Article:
By the end of 1990s to 2002 after a stagnant consumption of primary Aluminium in India when the consumptions were between 500 - 600 K and started rising. The consumption reached at 1,080 KT in 2006. The Aluminium consumption in India is dominated by the industries like power, infrastructure, and transportation etc.
Size of the IndustryThe global requirement is estimated at around 7.4 million tons, against the consumption in India as only around 110,000 tons. India's share in the global downstream sector is low as compared to other developed countries.
India has nearly 10% of the world's bauxite reserves and a growing aluminum sector that leverages this. Demand in the domestic market is expected to grow by 8-10; India is expected to have an installed aluminum capacity of 1.7 to 2 million tons per annum by 2020.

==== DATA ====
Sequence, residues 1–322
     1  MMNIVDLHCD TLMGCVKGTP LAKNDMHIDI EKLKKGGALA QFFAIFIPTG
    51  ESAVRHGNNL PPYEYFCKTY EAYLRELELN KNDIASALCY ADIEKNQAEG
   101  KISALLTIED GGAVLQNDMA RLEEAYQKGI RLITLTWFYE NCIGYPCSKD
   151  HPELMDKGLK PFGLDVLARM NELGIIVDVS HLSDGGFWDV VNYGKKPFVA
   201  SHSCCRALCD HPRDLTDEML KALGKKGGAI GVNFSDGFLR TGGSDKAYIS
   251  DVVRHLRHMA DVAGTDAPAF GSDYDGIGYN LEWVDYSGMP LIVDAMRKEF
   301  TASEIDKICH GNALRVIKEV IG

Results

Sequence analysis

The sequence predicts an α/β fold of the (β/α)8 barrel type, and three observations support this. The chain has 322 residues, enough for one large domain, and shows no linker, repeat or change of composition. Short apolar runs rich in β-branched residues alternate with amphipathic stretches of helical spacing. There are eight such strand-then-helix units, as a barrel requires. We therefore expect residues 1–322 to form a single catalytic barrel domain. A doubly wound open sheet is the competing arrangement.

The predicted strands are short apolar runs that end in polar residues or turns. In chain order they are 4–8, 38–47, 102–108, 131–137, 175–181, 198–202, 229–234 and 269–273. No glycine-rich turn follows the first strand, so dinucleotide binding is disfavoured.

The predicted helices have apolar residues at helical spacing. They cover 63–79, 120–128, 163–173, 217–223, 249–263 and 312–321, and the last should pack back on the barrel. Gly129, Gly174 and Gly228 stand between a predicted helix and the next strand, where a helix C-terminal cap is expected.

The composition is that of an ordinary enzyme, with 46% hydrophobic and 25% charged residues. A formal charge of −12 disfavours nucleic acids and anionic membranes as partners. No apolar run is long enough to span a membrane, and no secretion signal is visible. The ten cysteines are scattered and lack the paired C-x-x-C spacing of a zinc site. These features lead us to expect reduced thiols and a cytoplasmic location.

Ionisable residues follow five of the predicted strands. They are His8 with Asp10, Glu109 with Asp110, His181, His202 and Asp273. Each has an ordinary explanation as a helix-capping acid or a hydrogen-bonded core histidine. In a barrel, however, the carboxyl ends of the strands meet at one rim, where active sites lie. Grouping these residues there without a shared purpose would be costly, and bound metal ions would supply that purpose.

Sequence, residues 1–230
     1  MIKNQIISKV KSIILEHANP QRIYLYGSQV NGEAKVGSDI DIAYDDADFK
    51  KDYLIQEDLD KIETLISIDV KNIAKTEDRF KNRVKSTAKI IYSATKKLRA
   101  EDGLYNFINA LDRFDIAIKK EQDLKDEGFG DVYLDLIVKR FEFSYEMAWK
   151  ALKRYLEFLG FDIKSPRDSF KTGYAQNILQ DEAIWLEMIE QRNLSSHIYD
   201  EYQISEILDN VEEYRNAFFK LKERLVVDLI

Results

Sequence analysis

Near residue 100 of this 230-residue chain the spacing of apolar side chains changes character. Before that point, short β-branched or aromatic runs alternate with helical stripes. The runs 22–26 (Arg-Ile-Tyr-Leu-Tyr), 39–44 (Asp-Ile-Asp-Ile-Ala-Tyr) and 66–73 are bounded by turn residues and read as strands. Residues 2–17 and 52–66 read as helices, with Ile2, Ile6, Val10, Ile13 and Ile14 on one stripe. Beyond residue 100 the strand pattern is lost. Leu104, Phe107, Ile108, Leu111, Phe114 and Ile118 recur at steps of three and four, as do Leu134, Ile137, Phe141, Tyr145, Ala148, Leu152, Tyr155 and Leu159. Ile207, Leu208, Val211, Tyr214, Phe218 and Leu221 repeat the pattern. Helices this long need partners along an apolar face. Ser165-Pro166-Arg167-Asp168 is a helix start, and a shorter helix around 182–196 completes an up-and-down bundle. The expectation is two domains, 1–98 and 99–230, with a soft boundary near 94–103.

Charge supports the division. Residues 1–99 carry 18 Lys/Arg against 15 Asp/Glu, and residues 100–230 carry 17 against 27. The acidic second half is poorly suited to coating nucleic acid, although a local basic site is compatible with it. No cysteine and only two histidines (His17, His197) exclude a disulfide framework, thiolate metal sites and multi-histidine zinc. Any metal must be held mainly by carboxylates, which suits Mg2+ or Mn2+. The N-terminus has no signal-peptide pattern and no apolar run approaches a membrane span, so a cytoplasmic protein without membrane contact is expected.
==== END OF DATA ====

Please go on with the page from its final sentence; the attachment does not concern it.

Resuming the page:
Total Contribution to the economy / salesIn the year 2005 the consumption of Aluminium in India of 0.7 kg per person was very low in keeping with the countries low GDP. However the low per India capita consumption of aluminum is in fact an opportunity for growth in Aluminium consumption against the back drop of fast growing economic conditions in India. However, aluminum consumption has increased 12.6% in 2006 to around 1.08mt. Consumption is estimated to have increased to a 5 year CAGR of 12.9%. Secondary Aluminium demand also shot up to 0.6 MT in the last few years.
Domestic and Export ShareIn India the domestic aluminum production exceeds the domestic demand, the imports on an average 15-20 % of the total supply of aluminum. Imports of primary aluminum products is less than 10 % of domestic consumption. India also exports aluminum products such as scrap, powder and flakes, bar rods, foil, pellets, sheets, tubes and pipes. Exports figures are around 82000 tons annually and the major importer countries of Indian Aluminum are Bangladesh, Sri Lanka, Egypt and Iraq.